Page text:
Senior Labour figures are trying to distance the Government from three former Cabinet ministers facing "ghastly" sleaze allegations.
Stephen Byers, Patricia Hewitt and Geoff Hoon have been suspended from the Parliamentary Labour Party (PLP) amid an angry backlash from colleagues.
The move followed claims they were prepared to take cash to influence Government policy. Labour backbencher Margaret Moran was also suspended.
The allegations arise from a Dispatches programme, screened by Channel 4 on Monday night, in which all four were secretly filmed discussing the possibility of working for what they thought was an American lobby company.
Business Secretary Lord Mandelson led criticism of the trio as ministers sought to limit the damage from the affair to Labour's re-election efforts. "What is so ghastly about this is that somebody like Stephen Byers feels it necessary to make completely untrue, unfounded boasts to these people in order to get himself future business," he told BBC2's Newsnight. "It is extremely disappointing and it is very sad and rather grubby."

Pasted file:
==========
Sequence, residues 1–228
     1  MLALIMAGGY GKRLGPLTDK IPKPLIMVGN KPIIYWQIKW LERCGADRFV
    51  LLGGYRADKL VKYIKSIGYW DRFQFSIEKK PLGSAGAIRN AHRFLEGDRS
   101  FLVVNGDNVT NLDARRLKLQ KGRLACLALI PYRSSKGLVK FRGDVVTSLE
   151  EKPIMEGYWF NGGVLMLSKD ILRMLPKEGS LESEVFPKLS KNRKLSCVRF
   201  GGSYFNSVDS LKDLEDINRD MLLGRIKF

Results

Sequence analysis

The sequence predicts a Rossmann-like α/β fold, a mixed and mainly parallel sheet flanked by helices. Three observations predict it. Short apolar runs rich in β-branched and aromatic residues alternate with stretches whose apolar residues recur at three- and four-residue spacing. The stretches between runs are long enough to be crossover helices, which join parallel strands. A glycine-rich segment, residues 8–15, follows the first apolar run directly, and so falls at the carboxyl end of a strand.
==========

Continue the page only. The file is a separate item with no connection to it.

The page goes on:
Senior Labour MP Sir Stuart Bell said Mr Byers had been "foolish". "He will feel extraordinarily contrite ... that he has put himself into such a foolish position," Sir Stuart told BBC Radio 4's Today programme. "But that's a matter for him. What's important for the Labour Party is that we expect the highest standards and that we are going to fight this election on the issues."
Announcing the suspensions - pending further investigation - a Labour spokesman said the party expected "the highest standards of its representatives". But the Tories insisted there needed to be a full inquiry into what influence may have been exerted on ministers.
On Monday Downing Street said Gordon Brown was "satisfied" with the assurances by the permanent secretaries and saw "no need" for an inquiry. However, Tory chairman Eric Pickles said it was "outrageous" that Mr Brown ruled out an investigation before the programme had even been broadcast. He said: "This looks increasingly like a cover-up at the heart of Government."
Other MPs featured in the programme referred themselves to parliamentary watchdogs. Former Labour minister Baroness Morgan of Huyton said she was referring herself to the House of Lords' Sub-committee on Lords' Interests. And Conservative sources said that Tory MP John Butterfill had gone to the Parliamentary Commissioner for Standards, John Lyon.
In the documentary Mr Byers described himself as a "cab for hire". He was seen apparently requesting £5,000-a-day and boasting how he had secured secret deals with ministers over a rail franchise contract and food labelling on behalf of private companies. Meanwhile, Ms Hewitt and Mr Hoon were filmed suggesting they would charge £3,000-a-day for their services. Both have since denied any wrongdoing and insisted they had not breached parliamentary rules.